The Australian dollar has become a matter of 'heads I win, tails you lose' with the you being Australian exporters. Bad global news provides a reason for the Aussie to remain strong and good global news provides a reason for it to get stronger.
The bottom line is that our dollar remains elevated and there's nothing much that can be done about it. Thus wise managements have simply got on with the business of adapting to the reality of a strong currency, leaving the whingeing and complaining to those with the time for pointless pursuits.
At this stage it would be a little cruel to point out all the people who were bravely and foolishly forecasting the Aussie would be sliding below parity now, so as there's not a fly handy to have its wings removed, let's just finger a few who stuck their heads up back in July. NAB at that stage was briefly enjoying a spell of reasonably successful currency guessing, but it tempted fate by predicting we'd fall below parity for Christmas and they were not alone.
The only way to be able to claim a record of successful currency forecasting is to stick to a very wide band, so to suggest the Aussie is likely to trade between about US95¢ and US115¢ might be the way to go. Most forex forecasts are just extrapolations of whatever the latest trend might be. Thus there are plenty of suggestions that the Aussie's current rally will continue.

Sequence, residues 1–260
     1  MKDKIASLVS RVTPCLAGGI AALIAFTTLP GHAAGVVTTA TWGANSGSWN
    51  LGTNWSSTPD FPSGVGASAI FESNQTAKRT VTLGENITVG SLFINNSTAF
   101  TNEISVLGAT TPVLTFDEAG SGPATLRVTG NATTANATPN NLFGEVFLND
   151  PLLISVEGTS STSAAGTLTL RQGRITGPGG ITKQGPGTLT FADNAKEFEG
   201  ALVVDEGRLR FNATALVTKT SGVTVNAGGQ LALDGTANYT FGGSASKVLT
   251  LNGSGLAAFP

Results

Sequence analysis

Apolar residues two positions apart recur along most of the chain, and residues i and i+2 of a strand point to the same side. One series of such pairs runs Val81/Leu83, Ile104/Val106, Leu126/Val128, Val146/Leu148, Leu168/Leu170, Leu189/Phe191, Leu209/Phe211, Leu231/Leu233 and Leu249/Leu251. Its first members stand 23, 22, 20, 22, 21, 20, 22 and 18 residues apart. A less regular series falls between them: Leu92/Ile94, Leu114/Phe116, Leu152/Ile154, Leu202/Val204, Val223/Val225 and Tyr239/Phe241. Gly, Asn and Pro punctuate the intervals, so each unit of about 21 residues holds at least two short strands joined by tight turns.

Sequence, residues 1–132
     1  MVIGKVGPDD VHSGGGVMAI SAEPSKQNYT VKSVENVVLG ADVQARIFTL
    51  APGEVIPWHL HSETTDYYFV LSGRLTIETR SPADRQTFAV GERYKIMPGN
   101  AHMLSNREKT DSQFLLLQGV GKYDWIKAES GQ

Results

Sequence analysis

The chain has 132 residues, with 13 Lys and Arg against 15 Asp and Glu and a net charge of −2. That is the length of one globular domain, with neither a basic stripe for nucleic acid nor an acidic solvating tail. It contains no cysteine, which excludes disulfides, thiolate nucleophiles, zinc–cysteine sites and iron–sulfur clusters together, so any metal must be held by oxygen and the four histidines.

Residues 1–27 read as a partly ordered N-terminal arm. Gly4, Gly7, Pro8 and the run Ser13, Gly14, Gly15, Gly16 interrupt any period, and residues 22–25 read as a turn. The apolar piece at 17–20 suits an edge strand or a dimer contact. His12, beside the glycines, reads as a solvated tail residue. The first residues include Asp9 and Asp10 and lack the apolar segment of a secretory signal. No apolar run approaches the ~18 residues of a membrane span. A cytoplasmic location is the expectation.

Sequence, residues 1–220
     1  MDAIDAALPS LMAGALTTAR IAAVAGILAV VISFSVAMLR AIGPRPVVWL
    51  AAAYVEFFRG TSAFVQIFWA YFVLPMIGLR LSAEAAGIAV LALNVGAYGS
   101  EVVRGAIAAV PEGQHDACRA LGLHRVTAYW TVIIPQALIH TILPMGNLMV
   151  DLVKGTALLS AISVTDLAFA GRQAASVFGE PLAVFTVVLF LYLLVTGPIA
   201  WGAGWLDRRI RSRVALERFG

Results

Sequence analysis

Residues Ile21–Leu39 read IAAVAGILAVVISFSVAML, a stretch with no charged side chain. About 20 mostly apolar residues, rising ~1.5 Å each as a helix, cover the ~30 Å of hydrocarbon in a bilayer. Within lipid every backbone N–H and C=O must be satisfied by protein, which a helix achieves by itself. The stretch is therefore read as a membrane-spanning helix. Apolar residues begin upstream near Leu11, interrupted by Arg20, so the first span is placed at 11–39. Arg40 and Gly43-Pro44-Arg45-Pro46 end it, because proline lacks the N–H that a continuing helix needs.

And it might or it might not. Whichever ends up being the case, there's little chance of our dollar becoming cheap again.
If you want to concentrate on the gloomy side of the equation, "the ongoing North Atlantic crisis and Japan's miserable outlook", it's a good argument to hold Australian dollars as the Americans, Europeans and Japanese continue to try to debase their currencies. Why would anyone want to hold greenbacks when the Fed has promised to keep printing billions of them every month until American unemployment magically falls?
What is constantly missed in the usual discussion of the exchange rate is that it's not all about us. The other side of the equation has to be considered and that other side is not a pretty picture.
On the more optimistic side, the gathering confidence that China's growth rate is growing again is a reason for the world to look more fondly on the Aussie. A strengthening China restores the commodities story, which on top of strong national accountants, sound institutional governance, low government debt, AAA ratings, and a resurgent cricket team means the Aussie looks pretty good.
Yes, it's higher than we'd like, but sometimes it would be nice if the sun rose in the west for a little variety as well. The good operators accept it and get working harder and smarter to deal with it. It's all part of the uncomfortable but ultimately rewarding process of being pushed up the value chain.
Michael Pascoe is a BusinessDay contributing editor.